DOCUMENTARIES ON CHINESE FASHION
Cheongsam: Lost & Found
Qipao, literally "Manchu robe", is generally referred to as cheongsam in Hong Kong, meaning long dress. Cheongsam was once everyday fashion for Hong Kong women, whether they were celebrities, housewives, or working women. As large numbers of tailors from Shanghai resettled in Hong Kong in the late 1940s, the cheongsam also grew in popularity throughout the 1950s and 1960s. To this day, cheongsam is still a popular choice of formal attire and a source of inspiration for fashion designers, comics artists, cultural researchers, and filmmakers alike.
FIRST MONDAY IN MAY
The First Monday in May is a 2016 documentary film directed by Andrew Rossi. The film follows the creation of the Metropolitan Museum of Art's 2015 art exhibition China: Through the Looking Glass by curator Andrew Bolton.
Useless, a film about fashion and clothing production in 2007, investigates the human condition in contemporary China based on three places involved with this incredibly large branch of Chinese industry.
Yellow is Forbidden
Recognition from Paris’s Chambre Syndicale de la Haute Couture is considered the apex of the fashion industry, and Chinese designer Guo Pei is determined to reach it. With a remarkable eye for detail and exquisite blending of visual art forms, veteran documentarian Pietra Brettkelly captures Guo’s drive, artistry, meticulousness, and acumen, from the designer’s emergence on the international scene.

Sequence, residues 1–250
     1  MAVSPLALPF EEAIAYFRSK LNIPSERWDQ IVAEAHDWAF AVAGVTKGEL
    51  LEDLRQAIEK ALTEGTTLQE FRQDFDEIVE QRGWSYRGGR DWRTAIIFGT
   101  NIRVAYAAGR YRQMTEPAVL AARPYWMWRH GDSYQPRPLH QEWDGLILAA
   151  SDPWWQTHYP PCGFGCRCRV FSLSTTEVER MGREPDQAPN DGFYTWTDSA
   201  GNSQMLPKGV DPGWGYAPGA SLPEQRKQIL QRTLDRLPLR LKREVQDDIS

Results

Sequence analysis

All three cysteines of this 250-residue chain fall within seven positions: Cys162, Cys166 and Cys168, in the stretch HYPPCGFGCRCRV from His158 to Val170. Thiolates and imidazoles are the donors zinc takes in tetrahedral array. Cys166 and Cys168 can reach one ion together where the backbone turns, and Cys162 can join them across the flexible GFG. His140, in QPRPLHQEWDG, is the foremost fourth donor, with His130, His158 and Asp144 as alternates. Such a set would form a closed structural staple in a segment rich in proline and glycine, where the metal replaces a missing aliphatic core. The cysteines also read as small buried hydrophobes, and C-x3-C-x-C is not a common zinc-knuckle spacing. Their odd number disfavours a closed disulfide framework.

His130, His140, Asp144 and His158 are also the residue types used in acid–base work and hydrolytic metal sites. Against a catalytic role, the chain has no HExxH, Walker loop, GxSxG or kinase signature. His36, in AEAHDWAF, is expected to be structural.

Clips on CHINESE FASHION
DOCUMENTARIES ON JAPANESE FASHION
Yohji Yamamoto, Dressmaker
Known for his avant-garde methods, Japanese designer Yohji Yamamoto has been one of the most influential and enigmatic fashion designers of the past four decades.
CLIPS ON JAPANESE FASHION
DOCUMENTARIES ABOUT KOREAN FASHION
Nora noh: Rise of the mini skirts
Nora Noh is the first fashion designer in South Korea. Her lifetime has coincided with sweeping westernization of South Korean culture and the emancipation of the country’s women. Noh has also garnered international acclaim, and her elegant creations have graced the covers of Harper's Bazaar and Vogue. Fluidly edited pieces of archive footage from South Korea of the 1940s, 1950s, and 1960s are intercut with interviews with former customers, film stars and fashion experts talking about what Noh’s clothing meant to them.